Radio 2’s short story writing competition 500 WORDS returns
When we launched 500 WORDS in 2011, we hoped to inspire young minds around the UK, and we were just astonished by the imagination and talent leaping off the page of the stories that flooded in. Last year’s competition saw a staggering 74,000 entries - more than twice the number of year one, so we have very high hopes for 2013."Chris Evans
He also announced that a number of new famous faces are set to join the competition judging panel - including CBBC and Top Gear presenter Richard Hammond, who takes up the mantle of head judge.
Also joining the panel are international children’s literature heavyweights Frank Cottrell-Boyce, the award-winning novelist and screenwriter, who scripted the Opening Ceremony for the London 2012 Games, and made Chitty Chitty Bang Bang fly once again for young readers; and Malorie Blackman, whose literature and television drama credits include the Noughts And Crosses series. They will be joining the panel that consists of returning judges Dame Jaqueline Wilson and Charlie Higson, who will pick their favourite stories from a shortlist of 50, drawn from two age groups: children aged nine and under, and those aged between 10 and 13.
As part of the competition, entrants have to compose an original work of fiction using no more than 500 words. Hopefuls should apply via the Radio 2 website, where there are top writing tips from best-selling authors and celebrities like Daniel Radcliffe, as well as a free activity pack for teachers and librarians – something brand new for 2013.
500 WORDS was first launched in 2011, in association with Hay Fever, the children's programme of the Hay Festival of Literature and Arts. To find out more about Hay Festival please visit www.hayfestival.org.
Last year’s competition attracted over 74,000 entries, with famous people such as Justin Bieber, Prince William, Wayne Rooney, and Radio 2's own Chris Evans making repeated appearances in the stories, alongside made-up mythical creatures like the sharkbaragator (part shark, part bear and part alligator) and chocolateosaurus. And for the second consecutive year, the millions of words used by the young writers will be analysed by Oxford University Press to help shine a light on children’s use of language today.
The writers of the top 50 stories will be invited to attend a broadcast of The Chris Evans Breakfast Show that will be broadcast live from the Hay Festival on Friday 31 May, 2013.
The six lucky winners will be announced live on air and will get to hear their stories read out by a famous narrator.
Chris Evans says: “When we launched 500 WORDS in 2011, we hoped to inspire young minds around the UK, and we were just astonished by the imagination and talent leaping off the page of the stories that flooded in. Last year’s competition saw a staggering 74,000 entries - more than twice the number of year one, so we have very high hopes for 2013. Let the creativity commence!”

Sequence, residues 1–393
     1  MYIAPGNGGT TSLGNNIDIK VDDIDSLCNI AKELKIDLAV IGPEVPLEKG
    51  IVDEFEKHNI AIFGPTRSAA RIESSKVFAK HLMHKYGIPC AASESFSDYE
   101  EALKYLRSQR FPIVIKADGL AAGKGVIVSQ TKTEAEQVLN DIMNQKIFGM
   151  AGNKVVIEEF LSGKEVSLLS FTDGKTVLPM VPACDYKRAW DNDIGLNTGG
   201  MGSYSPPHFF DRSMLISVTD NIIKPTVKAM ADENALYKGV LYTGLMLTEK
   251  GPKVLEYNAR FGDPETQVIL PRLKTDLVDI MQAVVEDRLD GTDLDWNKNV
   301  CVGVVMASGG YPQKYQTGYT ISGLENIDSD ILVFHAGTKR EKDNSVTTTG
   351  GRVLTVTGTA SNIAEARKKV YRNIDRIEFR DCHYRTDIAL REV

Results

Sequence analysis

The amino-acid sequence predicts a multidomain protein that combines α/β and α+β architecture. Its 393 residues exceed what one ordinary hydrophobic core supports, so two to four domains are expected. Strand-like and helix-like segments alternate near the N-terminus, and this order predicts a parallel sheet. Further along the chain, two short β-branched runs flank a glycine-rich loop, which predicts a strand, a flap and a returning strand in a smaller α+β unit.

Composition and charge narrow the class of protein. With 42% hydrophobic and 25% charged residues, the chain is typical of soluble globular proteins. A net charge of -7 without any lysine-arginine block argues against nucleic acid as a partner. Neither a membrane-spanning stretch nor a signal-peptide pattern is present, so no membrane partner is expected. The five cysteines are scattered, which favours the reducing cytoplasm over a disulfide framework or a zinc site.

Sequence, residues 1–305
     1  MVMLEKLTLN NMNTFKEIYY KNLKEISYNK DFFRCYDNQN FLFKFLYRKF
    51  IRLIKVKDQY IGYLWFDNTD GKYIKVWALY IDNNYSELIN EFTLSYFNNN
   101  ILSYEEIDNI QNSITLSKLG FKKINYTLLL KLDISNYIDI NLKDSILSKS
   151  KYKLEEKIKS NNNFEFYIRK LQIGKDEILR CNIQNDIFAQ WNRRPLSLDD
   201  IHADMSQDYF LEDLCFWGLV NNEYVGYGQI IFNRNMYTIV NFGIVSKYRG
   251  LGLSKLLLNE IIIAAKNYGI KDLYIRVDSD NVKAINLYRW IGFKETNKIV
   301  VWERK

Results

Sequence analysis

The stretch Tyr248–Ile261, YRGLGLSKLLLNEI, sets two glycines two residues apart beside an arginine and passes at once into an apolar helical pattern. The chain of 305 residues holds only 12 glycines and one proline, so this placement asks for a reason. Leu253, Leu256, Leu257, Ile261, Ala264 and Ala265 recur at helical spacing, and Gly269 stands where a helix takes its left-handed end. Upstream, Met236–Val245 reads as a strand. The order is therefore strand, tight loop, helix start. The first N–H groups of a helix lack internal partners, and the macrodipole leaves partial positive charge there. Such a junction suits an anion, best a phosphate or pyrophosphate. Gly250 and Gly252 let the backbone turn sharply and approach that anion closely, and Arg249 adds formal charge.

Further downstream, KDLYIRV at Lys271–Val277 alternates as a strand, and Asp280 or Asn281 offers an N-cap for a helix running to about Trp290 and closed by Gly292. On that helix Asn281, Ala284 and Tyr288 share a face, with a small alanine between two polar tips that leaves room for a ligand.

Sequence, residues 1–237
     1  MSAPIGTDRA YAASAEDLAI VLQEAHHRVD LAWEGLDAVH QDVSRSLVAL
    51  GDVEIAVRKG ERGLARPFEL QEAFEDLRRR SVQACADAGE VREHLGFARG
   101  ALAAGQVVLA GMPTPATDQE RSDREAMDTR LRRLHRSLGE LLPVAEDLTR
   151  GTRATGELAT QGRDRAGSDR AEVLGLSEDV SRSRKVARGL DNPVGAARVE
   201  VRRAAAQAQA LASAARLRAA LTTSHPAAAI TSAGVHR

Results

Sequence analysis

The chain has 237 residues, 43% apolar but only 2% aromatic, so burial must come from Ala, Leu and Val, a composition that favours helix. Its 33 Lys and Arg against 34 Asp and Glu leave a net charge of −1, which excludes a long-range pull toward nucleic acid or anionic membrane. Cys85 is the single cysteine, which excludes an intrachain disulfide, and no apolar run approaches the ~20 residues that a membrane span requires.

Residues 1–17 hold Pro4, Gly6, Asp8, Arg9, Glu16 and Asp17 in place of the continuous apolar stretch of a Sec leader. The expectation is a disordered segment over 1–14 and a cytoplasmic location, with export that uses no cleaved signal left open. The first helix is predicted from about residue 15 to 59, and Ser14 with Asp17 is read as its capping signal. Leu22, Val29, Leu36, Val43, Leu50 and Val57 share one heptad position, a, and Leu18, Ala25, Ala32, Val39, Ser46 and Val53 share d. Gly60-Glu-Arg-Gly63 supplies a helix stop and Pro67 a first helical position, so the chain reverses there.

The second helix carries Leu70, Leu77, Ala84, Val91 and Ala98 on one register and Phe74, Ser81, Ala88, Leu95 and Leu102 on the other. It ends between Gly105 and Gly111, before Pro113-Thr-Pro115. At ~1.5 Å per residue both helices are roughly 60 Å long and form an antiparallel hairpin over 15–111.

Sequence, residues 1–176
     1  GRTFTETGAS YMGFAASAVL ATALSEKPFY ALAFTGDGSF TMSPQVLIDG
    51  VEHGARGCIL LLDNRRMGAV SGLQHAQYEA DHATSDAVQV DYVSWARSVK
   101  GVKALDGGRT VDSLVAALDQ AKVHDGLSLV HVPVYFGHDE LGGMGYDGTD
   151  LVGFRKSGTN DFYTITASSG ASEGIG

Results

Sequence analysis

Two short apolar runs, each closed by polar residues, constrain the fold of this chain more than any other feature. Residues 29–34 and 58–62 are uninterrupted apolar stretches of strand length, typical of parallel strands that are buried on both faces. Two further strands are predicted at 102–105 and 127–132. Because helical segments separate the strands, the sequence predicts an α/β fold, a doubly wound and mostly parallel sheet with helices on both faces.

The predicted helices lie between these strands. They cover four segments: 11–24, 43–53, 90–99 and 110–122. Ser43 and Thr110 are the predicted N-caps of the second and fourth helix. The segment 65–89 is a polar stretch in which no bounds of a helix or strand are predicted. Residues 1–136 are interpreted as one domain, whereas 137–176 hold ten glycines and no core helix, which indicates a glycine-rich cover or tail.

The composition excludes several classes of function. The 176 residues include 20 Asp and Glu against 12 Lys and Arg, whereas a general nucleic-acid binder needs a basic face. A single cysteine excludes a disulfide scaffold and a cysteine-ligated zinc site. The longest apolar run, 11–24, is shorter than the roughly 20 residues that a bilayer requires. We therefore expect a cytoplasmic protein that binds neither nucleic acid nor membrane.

Richard Hammond says: “It’s a great honour to be heading the judging panel for 500 WORDS. I’m really thrilled and excited by it. It’s a fantastic competition that demonstrates there’s a huge reserve of creativity out there. I saw that when I came and read a winner’s story at the first 500 WORDS live final in 2011. The energy that young writers have and that preparedness to just say; ‘this is a really good idea, I’m going to run with it!’ that’s what I’m really excited about seeing again.”
Frank Cottrell-Boyce says: “I am unbelievably excited to be one of the judges for 500 WORDS. Writing should be about launching yourself into the unknown - which is exactly what I did when I was writing the Olympics Opening Ceremony! I really believe that anybody can be a writer, which is why I want as many children as possible to get involved.”
Malorie Blackman says: “I am so thrilled to be joining the judges for this year's BBC Radio 2 500 WORDS competition. I'm more than happy to support any idea that gets children writing and using their imaginations. My advice would be to write from the heart as well as the head and most importantly whilst you're doing it, HAVE FUN! I can't wait to get stuck in to reading all the fabulous stories that will be submitted this year. Good luck everyone.”
Charlie Higson says: “'I was blown away by the standard of the stories last year. Choosing the winners was really hard. It was a shame we couldn't give everyone a prize. It proves the moaners wrong - British kids are interested in reading and writing and telling stories. I am delighted to be back on the judging panel again this year - if only to read some more fantastic stories.”
Dame Jaqueline Wilson says: “I’m very much looking forward to judging this year’s 500 WORDS competition. The standard of entries is always impressively high and it always pleases me that so many children obviously enjoy writing stories. This is just the sort of competition that I would have loved when I was a child.”
The 2013 competition will run until Friday 22 February. Details about how to enter are available on the 500 WORDS website.
Notes to Editors
Oxford University Press is a department of the University of Oxford. Its children’s dictionary team will collect and analyse all the words in the stories entered into the competition, allowing them to explore the way children use language today; pick out their favourite words, discover new words, and even look at how they use punctuation for dramatic effect!
The Oxford Children’s Corpus is a large electronic database of real, authentic children’s language. The Oxford Children’s Corpus provides evidence for language theorists and practitioners of how children’s language behaves and identifies patterns in language, looking specifically at grammatical structures, child-related vocabulary and is an ideal resource for statistical frequency analysis of words. To find out more visit the website.
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